Pinar Aslan interviewed individuals born in Sweden with parents from non-Western countries who are successful in the labour market. Most of these individuals have a university education and are employed in professions that correspond to their education.
“What makes these individuals able to fulfill their aspirations and get into the labour market? Their responses can give us many tools to be used in the process of integrating immigrants’ children and helping them find a job,” Pinar Aslan says.
Family is key
Pilar Aslan discovered that there was a strong desire for revenge in the families fostered by the parents. ‘Now we have arrived in a new country and we sacrificed a lot to get here, so now you need to make it worthwhile,’ were phrases often repeated to the children by the parents.
In the ethnic groups to which the individuals belonged, children’s achievements give the parents high status as well. This increased children’s motivation to work hard for success.
“It’s very important to be aware of the role family actually plays in this context. We need to support families and compensate for the lack of practical resources that we often find in this type of family.”
Enormous drive but few resources
Pilar Aslan’s study shows that public officials, like teachers, job counselors and social workers, often play a crucial role by transmitting important knowledge about education and the working life to individuals whose families may lack resources or find it difficult to provide practical support.
“Most importantly, public officials should be supportive and establish a sense of connectedness with them. These individuals may possess an enormous drive, but if they lack contacts, knowledge or information, it may be hard to realize their aspirations and to achieve actual results.”
“I can’t afford to be picky”
The participants in the study had adapted to the difficulties they encountered in the labour market in different ways. Some targeted ethnically profiled professions that demanded cross-cultural competence. Another group changed their line of business into one in which they could more easily gain a foothold.
“This does not mean that they liked the fact that they adapted in this manner. Sometimes they were not even sure about what cross-cultural competence actually entailed, but they knew it would help them find a job. They needed to consider risks of discrimination, as they both expected and experienced discrimination. They had to be realistic and couldn’t afford to be ‘picky.’”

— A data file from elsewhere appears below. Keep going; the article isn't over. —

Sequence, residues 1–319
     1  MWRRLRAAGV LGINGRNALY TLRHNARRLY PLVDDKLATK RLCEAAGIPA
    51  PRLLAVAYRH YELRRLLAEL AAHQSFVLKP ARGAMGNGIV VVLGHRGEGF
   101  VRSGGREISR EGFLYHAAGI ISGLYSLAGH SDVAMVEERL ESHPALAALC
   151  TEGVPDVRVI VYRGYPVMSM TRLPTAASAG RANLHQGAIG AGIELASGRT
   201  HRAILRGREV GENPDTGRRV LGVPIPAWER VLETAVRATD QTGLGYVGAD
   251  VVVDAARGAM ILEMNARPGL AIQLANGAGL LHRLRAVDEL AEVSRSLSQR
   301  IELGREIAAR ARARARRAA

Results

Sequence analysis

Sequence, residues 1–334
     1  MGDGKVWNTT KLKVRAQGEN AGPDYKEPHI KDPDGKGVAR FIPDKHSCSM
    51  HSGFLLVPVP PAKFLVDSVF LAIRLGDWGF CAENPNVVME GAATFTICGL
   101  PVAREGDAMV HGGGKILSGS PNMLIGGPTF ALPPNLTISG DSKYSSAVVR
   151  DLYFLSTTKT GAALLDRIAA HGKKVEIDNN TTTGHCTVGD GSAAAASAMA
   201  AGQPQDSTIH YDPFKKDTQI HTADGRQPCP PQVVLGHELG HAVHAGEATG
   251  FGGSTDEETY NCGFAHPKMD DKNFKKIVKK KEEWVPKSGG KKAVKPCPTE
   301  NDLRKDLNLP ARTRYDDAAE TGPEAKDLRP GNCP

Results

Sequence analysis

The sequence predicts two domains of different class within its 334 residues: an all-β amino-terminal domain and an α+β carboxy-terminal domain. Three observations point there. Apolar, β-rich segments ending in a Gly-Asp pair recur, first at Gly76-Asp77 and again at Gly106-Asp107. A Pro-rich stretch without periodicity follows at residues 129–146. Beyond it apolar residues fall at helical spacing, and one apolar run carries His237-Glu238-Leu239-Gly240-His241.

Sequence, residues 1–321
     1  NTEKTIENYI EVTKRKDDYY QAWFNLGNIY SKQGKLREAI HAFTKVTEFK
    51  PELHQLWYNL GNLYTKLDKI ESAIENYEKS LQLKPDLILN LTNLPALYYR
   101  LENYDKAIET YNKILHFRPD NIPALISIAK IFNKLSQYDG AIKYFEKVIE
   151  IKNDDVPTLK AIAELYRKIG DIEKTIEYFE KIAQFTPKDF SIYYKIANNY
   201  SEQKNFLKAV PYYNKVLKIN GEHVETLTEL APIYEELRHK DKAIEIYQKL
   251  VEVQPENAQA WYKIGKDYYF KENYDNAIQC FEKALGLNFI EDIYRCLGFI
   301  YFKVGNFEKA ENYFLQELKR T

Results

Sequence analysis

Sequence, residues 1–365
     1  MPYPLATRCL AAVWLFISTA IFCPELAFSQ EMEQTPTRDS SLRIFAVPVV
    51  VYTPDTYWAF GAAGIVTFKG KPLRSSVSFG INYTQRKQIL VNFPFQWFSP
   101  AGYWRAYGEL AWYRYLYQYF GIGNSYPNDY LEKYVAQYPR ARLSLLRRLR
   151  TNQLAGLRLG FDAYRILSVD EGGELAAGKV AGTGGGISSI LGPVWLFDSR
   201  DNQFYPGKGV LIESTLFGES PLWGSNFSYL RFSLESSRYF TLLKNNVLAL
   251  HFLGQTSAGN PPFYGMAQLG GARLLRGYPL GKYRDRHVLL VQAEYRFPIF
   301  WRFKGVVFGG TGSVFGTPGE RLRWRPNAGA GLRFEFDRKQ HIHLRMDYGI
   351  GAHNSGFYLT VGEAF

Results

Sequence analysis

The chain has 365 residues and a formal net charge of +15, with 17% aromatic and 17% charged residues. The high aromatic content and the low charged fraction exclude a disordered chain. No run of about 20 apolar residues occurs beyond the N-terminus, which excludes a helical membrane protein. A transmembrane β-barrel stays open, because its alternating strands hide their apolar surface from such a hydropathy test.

Interpreted their family situation differently
The study also showed that parents encouraged their children to strive for more gender equality regarding work and family arrangements then what they themselves had practiced. This meant that it became easier for the children to implement intergenerational changes in combining work and family.
“The parents realized that if the children were to succeed, they needed to lead their lives in a different way.”
Pinar Aslan claims that the results in her doctoral dissertation highlight the fact that knowledge can be used in supporting immigrants’ children. This does not only apply to public officials but also to wider sociopolitical contexts.
“I would like to stress that there are many mechanisms that interact in this process; what happens in and near the individual interacts with what happens in wider contexts,” Pinar Aslan concludes.
Pinar Aslan defended her doctoral dissertation How Do They Make It?: perspectives on labour market participation among descendants of immigrants in Sweden at the University of Gävle 15 November.
External examiner: Professor Sven Hessle
Supervisor: Professor Nader Ahmadi Senior lecturer Eva Wikström Senior lecturer Stefan Sjöberg